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 Post subject: Re: Republican Bill to Redefine Pi - Again
PostPosted: Sat Apr 16, 2011 3:36 am 
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ces wrote:
The health insurance industry is a lot more complex than it appears. The underwriting is substantially different. And in fact most of the risk is underwritten not by insurance companies but by employers. The risks are much more predictable than hurricanes. For the risk to be shared, it has to be shared by entire populations with mixed demographics.

1. Yes, the health care industry is complex. I never suggested it wasn't. It even "appears" to be complex, so not sure it is more complex than it appears. Maybe you mean it is more complex than it appears to left-wingers, who seem to think everything is simple and have simple solutions to fix everything (usually government control).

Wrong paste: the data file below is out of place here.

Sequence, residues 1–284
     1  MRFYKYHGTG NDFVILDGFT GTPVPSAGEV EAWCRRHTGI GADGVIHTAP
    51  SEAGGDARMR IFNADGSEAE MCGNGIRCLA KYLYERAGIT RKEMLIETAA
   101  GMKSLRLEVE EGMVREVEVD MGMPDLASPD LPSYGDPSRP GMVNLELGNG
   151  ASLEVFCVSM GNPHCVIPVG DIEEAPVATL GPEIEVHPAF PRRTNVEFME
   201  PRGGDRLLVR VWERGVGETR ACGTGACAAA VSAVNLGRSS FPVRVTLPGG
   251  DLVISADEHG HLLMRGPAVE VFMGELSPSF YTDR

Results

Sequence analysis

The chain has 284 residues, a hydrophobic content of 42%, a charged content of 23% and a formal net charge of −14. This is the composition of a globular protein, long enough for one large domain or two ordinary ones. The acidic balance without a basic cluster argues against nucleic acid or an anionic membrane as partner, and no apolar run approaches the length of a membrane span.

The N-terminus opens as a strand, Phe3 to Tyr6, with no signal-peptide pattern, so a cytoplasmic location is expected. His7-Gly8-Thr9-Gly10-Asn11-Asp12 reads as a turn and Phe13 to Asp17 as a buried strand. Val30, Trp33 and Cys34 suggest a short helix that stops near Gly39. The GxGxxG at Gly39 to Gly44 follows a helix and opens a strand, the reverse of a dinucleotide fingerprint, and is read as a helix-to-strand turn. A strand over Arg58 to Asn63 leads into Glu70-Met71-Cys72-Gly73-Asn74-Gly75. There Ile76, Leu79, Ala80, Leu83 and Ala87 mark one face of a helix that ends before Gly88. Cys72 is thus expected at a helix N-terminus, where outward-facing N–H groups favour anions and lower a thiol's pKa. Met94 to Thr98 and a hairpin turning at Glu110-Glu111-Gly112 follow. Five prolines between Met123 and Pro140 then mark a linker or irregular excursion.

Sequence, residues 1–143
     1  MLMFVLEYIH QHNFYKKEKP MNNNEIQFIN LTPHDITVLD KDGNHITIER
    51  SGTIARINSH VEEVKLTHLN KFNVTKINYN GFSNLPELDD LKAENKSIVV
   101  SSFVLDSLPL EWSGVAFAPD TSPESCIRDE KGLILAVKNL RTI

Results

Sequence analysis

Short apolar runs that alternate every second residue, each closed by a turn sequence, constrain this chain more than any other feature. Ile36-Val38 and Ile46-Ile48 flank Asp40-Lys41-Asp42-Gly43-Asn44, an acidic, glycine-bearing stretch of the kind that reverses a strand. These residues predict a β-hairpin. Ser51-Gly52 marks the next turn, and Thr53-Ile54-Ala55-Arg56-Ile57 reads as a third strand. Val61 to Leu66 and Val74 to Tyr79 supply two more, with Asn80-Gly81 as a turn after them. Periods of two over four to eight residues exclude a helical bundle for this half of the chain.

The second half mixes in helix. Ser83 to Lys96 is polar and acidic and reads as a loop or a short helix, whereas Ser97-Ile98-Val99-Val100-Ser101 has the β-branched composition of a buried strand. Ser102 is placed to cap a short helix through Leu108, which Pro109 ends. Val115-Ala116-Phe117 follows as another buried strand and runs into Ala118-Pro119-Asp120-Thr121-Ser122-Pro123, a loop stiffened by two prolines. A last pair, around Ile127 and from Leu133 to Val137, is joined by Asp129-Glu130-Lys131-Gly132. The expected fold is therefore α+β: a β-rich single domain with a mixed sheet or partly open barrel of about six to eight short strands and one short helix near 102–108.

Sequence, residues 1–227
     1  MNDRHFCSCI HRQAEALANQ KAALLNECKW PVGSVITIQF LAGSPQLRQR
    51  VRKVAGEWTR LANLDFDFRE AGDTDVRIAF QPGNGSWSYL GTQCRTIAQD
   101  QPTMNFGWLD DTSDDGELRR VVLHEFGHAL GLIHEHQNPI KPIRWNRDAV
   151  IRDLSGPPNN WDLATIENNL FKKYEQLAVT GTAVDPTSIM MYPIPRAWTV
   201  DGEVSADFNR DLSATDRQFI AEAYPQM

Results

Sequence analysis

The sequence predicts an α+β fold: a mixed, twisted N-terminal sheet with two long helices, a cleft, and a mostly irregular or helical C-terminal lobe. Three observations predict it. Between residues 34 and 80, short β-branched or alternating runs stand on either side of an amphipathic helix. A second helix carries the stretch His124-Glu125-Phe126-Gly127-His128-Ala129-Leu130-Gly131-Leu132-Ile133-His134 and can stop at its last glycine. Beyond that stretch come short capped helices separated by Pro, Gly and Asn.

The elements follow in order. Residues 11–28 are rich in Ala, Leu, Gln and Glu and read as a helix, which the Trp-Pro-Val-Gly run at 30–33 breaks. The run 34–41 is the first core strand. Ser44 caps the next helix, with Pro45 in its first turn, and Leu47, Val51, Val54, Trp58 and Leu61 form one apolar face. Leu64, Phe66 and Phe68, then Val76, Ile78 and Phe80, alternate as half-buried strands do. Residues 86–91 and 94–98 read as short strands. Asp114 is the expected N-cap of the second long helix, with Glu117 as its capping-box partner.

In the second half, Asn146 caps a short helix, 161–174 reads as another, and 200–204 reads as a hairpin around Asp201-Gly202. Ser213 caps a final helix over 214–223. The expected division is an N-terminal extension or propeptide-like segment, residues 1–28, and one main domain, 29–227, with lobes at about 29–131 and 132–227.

2. Underwriting for health care insurance is "somewhat" different than casualty insurance, but same is true for all other kinds of kinds of insurance. But underwriting of all insurance is based on statistical data of prior claims, mixed with beta (volatility of the risk), to calculate rates needed to pay off claims.

3. Risk can be shared without having to be shared by the entire population. Obviously, the more people in the pool, the lower the volatility of risk (the more predictable the claim rate will be). Same principle applies to all other kinds of insurance, none of which requires the entire population to be in the same risk pool.

4. More and more, larger companies are assuming the risk themselves, and hire insurance companies to only administer the plans, which then charge the company for actual claims (plus the admin fee). I don't know the exact percentage of companies that do this, but there still are a lot insured where the insurance company assumes the risk.